I really think we need to stop teaching for the deserted islands of the world. If a field of study requires detailed instructions, formulas, or other information, then practitioners in the "real world" either remember what's necessary b/c they use it all the time or they look it up. How many of these practitioners, were they stuck on a deserted island, would be called upon to use what they have to look up?
Our brains are augmented now. This fact and trend is probably not going to reverse. If it does, we'll revert if we have to. We'll adapt. Are we who are trapped in the inertia of traditional educational over-stressing the value of what unaugmented brains can do because we aren't sure how to assess the information universe our students have at their finger(thumb)tips to tap into? Are our trusted systems only designed to assess quanta (what can be known), not actions (what can be done)?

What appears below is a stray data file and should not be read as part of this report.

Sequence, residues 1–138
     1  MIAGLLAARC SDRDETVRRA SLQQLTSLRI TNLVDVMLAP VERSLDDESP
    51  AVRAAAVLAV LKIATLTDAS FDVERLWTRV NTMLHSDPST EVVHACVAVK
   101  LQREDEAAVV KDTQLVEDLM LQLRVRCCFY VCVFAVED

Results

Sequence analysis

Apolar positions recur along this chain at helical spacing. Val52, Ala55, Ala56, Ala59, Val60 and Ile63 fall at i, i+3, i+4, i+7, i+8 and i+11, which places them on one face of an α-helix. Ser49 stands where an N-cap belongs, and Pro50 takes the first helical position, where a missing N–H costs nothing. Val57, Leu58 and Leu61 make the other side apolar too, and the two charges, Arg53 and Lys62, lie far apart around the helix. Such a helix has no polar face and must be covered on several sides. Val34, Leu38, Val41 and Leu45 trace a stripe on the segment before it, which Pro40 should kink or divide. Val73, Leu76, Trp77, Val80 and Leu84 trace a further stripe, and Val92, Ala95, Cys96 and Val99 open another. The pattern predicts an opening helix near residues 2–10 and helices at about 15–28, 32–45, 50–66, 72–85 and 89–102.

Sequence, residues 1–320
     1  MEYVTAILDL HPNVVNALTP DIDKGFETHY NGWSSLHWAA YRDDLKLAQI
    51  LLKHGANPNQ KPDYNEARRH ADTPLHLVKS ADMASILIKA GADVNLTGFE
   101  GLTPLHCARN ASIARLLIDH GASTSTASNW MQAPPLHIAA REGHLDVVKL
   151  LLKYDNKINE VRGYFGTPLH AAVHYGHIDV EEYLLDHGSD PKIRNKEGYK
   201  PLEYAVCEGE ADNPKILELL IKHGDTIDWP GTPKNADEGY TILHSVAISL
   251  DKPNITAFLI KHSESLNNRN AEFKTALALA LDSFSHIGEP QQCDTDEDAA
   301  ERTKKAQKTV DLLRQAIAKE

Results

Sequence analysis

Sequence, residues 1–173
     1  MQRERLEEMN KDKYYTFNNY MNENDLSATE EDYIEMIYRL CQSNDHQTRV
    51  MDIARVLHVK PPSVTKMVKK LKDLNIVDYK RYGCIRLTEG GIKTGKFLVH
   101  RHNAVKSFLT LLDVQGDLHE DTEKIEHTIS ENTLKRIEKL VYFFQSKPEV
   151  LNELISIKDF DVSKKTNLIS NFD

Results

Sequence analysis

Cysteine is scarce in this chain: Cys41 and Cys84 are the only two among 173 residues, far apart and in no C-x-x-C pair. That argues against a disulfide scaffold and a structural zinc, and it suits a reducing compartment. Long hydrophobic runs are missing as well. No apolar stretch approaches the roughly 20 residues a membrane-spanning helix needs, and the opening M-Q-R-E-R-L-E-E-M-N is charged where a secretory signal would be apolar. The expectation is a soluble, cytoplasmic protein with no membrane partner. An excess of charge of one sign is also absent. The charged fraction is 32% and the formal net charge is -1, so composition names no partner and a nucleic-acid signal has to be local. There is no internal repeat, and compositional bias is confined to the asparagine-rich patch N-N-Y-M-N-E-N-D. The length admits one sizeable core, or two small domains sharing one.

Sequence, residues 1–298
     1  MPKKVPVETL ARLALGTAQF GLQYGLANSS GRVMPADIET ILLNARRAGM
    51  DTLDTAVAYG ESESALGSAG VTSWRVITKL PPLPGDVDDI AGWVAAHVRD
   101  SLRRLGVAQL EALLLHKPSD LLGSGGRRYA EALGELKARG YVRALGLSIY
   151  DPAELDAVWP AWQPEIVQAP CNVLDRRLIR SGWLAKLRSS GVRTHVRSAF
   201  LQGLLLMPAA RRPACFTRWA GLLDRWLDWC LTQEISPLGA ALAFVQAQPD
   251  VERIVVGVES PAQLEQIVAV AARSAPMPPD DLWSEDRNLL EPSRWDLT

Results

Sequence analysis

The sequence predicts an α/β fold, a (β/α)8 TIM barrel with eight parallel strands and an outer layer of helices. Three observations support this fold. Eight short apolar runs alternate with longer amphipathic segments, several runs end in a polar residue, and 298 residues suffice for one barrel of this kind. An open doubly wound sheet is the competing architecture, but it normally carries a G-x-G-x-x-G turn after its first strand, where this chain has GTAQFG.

Is this powering the slow but steady transition toward things like mastery-based learning and assessment tasks? Is it competency-based? How about portfolio-based?
I just have a bunch of questions tonight. All answers (and additional questions) welcome.